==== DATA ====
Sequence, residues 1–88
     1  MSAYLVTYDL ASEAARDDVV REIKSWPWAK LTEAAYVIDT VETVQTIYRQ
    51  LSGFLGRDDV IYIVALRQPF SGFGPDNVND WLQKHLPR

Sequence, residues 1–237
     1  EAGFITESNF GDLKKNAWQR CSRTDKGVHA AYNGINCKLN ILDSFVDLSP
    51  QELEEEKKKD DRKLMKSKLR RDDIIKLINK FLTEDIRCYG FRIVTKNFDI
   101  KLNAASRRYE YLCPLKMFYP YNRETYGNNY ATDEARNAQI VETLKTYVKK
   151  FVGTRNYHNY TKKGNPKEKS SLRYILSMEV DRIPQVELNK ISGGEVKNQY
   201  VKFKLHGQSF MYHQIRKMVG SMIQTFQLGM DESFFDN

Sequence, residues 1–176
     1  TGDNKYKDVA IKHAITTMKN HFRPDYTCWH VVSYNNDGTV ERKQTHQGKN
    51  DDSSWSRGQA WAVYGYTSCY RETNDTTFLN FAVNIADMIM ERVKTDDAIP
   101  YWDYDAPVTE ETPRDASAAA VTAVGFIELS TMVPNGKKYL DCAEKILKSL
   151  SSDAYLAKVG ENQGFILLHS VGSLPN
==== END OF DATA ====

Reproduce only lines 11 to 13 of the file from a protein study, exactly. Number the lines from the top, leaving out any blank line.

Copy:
     1  TGDNKYKDVA IKHAITTMKN HFRPDYTCWH VVSYNNDGTV ERKQTHQGKN
    51  DDSSWSRGQA WAVYGYTSCY RETNDTTFLN FAVNIADMIM ERVKTDDAIP
   101  YWDYDAPVTE ETPRDASAAA VTAVGFIELS TMVPNGKKYL DCAEKILKSL